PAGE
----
U.S. Chamber Letter on the CARES Act

Friday, March 20, 2020 - 3:00pm

TO THE MEMBERS OF THE UNITED STATES CONGRESS:

         The U.S. Chamber of Commerce supports swift Congressional action on a third phase of legislation to address the coronavirus pandemic and thanks Majority Leader Mitch McConnell for crafting the CARES Act as the means to focus this effort.  We support many of the provisions in this bill and encourage the Congress to add additional provisions to provide expedited liquidity to help a broader range of businesses support their employees as they cope with the economic effects of the pandemic. 

         The Chamber believes no family should go bankrupt, and no business should go bankrupt just because of the temporary disruption in income caused during the pandemic. 

         The bill includes several elements that are essential to helping all Americans deal with this pandemic, such as facilitating the health care industry’s response and providing critical liquidity through the tax code for businesses.

         We support provisions based on Sen. Marco Rubio’s proposal for small businesses of up to 500 employees to provide loans that will be converted to grants to the extent that employers use the funds to keep their employees on the payroll. In addition, we support the launch of a credit facility supporting $150 billion in loans and $50 billion in loans to the airline industry.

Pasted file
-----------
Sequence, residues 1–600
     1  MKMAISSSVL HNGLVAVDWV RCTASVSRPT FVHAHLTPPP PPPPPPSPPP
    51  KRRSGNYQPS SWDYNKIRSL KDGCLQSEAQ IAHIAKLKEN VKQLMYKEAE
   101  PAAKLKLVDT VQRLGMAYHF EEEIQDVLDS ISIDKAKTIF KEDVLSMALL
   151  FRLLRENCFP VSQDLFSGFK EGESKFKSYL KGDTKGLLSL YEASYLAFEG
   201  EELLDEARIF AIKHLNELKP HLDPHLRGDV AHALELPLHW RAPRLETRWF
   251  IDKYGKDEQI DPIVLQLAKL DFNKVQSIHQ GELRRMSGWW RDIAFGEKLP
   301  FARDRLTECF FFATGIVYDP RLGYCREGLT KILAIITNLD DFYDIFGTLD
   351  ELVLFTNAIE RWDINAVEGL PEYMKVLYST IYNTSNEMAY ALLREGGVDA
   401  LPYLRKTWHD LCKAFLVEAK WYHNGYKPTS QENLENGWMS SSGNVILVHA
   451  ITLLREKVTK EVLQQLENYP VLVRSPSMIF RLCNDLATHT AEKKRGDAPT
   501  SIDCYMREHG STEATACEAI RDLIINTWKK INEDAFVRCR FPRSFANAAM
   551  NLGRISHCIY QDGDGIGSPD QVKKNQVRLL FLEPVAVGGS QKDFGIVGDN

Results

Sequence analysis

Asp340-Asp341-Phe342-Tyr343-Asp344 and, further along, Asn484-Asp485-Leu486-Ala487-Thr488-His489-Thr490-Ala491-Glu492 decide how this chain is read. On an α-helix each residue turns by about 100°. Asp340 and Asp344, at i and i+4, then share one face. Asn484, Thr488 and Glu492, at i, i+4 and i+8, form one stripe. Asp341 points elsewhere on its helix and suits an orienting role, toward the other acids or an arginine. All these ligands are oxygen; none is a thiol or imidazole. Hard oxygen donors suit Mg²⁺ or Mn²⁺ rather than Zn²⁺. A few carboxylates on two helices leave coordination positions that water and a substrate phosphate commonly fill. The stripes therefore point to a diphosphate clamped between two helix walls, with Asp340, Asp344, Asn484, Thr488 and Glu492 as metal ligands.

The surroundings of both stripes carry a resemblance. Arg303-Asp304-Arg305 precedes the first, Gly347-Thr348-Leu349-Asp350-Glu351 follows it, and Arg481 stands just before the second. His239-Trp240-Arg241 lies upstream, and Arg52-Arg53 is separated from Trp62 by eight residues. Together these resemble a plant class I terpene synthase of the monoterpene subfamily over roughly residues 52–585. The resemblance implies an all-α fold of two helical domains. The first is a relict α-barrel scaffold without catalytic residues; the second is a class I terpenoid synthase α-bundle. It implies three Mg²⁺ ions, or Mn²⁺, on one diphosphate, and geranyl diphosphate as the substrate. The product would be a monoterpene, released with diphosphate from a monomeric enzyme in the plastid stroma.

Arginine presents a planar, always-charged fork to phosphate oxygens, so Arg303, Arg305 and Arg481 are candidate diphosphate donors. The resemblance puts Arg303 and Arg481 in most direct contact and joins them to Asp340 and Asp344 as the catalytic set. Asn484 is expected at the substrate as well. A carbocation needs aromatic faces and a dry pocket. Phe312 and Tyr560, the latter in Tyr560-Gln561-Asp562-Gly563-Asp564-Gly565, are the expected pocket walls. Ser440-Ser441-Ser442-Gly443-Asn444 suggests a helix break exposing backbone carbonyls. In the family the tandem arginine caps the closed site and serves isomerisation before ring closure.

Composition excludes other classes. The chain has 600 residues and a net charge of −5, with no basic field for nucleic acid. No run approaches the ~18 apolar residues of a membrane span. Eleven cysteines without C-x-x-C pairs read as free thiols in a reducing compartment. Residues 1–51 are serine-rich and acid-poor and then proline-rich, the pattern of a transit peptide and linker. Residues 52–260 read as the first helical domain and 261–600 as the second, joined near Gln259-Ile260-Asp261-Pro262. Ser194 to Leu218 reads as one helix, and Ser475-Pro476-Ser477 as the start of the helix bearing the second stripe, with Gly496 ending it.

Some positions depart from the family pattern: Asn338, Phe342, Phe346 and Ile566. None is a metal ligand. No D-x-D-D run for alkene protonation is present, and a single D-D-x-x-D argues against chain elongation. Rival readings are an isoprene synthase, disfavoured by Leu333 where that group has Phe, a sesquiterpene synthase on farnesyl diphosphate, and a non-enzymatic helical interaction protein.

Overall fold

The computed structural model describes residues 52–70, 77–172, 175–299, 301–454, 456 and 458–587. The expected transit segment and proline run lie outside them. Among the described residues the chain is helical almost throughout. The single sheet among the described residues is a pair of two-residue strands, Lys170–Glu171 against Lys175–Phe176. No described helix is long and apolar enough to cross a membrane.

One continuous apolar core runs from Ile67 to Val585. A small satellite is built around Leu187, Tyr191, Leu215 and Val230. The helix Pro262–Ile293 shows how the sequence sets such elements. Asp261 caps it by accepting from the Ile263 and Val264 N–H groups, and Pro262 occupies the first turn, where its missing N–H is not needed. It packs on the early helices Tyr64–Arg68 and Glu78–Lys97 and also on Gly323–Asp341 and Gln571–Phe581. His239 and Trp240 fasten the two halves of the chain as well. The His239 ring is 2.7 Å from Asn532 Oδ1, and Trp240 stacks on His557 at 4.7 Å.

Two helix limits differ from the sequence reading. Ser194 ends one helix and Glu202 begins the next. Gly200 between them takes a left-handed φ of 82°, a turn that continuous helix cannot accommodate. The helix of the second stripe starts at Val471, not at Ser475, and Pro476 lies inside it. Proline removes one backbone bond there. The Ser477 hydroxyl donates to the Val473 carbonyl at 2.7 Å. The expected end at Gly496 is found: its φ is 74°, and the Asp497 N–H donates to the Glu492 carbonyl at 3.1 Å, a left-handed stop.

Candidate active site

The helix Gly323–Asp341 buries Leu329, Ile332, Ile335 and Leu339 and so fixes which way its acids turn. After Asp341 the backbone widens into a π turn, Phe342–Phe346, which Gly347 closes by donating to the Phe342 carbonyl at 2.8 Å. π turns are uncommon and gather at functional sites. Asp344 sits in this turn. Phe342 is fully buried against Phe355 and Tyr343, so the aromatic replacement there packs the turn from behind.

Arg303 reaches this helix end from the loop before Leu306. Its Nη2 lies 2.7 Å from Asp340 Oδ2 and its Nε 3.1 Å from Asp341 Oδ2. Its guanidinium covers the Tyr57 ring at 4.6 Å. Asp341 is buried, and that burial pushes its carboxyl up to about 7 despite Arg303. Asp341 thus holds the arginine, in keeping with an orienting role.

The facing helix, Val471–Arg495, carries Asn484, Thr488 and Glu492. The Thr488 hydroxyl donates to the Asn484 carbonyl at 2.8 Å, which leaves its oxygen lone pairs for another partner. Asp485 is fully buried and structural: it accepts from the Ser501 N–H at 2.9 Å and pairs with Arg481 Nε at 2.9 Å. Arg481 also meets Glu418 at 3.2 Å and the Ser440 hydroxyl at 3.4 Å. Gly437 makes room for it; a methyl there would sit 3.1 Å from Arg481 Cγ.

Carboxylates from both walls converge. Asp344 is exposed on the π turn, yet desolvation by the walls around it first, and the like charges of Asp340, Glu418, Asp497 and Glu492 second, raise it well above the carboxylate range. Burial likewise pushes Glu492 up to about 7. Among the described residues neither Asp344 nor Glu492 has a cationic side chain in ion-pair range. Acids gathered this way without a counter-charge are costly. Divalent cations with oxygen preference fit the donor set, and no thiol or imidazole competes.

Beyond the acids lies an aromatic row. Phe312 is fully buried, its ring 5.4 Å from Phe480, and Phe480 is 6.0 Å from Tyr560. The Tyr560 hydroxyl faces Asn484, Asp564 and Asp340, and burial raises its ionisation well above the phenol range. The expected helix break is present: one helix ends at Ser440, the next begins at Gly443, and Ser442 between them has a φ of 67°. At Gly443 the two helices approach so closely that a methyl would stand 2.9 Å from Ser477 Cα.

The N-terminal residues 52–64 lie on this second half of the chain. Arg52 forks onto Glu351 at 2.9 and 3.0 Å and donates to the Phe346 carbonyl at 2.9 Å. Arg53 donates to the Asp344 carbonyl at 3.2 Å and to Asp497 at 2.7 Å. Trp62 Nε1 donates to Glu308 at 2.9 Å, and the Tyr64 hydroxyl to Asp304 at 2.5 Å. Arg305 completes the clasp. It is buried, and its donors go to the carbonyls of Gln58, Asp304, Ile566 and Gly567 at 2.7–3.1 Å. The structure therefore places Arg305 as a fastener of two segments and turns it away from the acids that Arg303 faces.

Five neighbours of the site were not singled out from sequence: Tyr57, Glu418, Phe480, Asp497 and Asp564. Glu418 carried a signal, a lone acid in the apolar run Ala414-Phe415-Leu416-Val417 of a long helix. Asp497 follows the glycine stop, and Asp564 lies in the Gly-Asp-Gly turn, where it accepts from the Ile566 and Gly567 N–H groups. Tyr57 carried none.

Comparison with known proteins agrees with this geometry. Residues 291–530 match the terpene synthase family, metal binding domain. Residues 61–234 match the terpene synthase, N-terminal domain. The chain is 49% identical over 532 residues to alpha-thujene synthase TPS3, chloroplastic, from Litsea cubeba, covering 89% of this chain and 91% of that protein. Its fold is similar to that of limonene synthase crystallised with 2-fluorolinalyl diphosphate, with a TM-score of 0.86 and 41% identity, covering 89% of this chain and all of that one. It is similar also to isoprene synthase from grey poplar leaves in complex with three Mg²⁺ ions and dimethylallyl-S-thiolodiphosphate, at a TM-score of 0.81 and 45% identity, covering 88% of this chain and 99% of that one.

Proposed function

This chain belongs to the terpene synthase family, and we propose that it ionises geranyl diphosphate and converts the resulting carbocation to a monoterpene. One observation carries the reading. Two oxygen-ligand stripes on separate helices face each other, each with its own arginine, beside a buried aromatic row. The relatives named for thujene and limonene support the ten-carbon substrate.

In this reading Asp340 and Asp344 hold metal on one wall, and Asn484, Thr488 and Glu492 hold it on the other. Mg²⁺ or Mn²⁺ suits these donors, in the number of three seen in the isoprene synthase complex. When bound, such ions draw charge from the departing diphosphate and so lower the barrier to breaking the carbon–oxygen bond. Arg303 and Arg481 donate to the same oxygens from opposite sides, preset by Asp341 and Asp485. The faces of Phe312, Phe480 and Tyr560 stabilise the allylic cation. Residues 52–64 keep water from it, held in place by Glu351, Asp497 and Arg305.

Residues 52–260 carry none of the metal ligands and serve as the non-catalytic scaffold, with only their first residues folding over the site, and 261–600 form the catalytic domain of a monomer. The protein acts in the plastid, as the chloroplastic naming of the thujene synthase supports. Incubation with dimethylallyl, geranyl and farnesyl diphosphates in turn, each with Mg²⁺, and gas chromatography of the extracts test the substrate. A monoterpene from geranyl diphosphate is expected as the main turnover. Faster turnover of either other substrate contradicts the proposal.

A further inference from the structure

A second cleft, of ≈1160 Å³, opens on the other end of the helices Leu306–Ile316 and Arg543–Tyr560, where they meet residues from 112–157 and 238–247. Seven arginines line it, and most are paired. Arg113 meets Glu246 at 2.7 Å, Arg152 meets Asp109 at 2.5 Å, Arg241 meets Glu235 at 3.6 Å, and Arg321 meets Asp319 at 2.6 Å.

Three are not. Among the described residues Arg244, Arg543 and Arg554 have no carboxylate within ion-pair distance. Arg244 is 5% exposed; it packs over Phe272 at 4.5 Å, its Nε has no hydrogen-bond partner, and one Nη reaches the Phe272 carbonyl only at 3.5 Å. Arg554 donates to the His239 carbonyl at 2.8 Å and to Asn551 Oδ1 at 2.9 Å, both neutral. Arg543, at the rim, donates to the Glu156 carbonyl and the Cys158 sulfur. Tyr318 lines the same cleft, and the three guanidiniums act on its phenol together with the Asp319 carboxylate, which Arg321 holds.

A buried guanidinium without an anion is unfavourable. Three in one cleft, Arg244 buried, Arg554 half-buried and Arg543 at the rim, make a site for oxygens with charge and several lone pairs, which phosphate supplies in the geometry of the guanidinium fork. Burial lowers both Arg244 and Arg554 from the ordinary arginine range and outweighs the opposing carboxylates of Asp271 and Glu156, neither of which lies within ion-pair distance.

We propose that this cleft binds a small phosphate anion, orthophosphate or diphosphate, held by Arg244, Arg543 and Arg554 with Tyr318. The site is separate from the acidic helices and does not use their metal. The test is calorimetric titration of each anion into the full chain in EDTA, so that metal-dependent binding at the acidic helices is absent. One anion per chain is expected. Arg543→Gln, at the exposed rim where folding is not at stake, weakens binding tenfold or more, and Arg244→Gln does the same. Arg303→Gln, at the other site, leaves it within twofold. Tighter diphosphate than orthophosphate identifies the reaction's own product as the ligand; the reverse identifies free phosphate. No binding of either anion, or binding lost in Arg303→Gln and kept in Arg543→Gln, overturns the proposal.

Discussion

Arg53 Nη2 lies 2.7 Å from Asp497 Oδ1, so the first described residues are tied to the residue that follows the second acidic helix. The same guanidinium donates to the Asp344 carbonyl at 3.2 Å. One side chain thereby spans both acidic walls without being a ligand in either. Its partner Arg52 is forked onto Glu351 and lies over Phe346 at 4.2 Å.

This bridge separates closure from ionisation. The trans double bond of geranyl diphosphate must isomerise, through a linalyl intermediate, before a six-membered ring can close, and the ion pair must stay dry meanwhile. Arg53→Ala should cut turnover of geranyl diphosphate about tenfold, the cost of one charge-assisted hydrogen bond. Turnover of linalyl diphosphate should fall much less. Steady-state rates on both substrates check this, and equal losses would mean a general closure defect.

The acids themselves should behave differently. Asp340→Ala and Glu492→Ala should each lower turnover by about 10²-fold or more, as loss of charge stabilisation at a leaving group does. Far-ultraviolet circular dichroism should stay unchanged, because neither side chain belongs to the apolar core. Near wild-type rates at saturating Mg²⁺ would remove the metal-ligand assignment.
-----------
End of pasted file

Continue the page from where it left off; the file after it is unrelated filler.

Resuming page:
We urge you to build upon these provisions to protect the 68 million Americans who work for an employer with more than 500 employees.  Absent action by Congress, many employees of mid-size and larger firms will become unemployed.

Specifically, we hope you will consider building on the Senate's small business proposal for America's larger employers, but with much less generous terms, via a "bridge loan." 

         This program could consist of:

  • Federally guaranteed loans: Companies with more than 500 employees that have seen a revenue loss of 10% or more as a result of the COVID-19 outbreak based on the creditworthiness of the company in January 2020 should be eligible.
  • Suggested maximum loan amount: 3 months of payroll expenses (including pro-rata healthcare expenses).
  • Suggested repayment: Loans would be repayable over 5 years.
  • Suggested employee retention incentive for severely impacted employers: Employers with more than 25% loss in revenue that maintain at least 90% of the employees at existing pay levels through December 2020 should have 10% of their loan forgiven.
  • Backing: These loans could be issued by financial institutions through a credit facility

         In addition, there are other improvements that need immediate attention to provide expedited liquidity to help all businesses cope with the economic effects of the pandemic. administered through the Federal Reserve.

         As each of you have indicated, this is an evolving situation and policy responses will similarly have to evolve in the days and weeks ahead. We will continue to be a resource for you as Congress moves onto other legislative phases to protect Americans and the American economy.

Sincerely,

Thomas J. Donohue

 

cc: The Honorable Steven Mnuchin, Secretary of the Treasury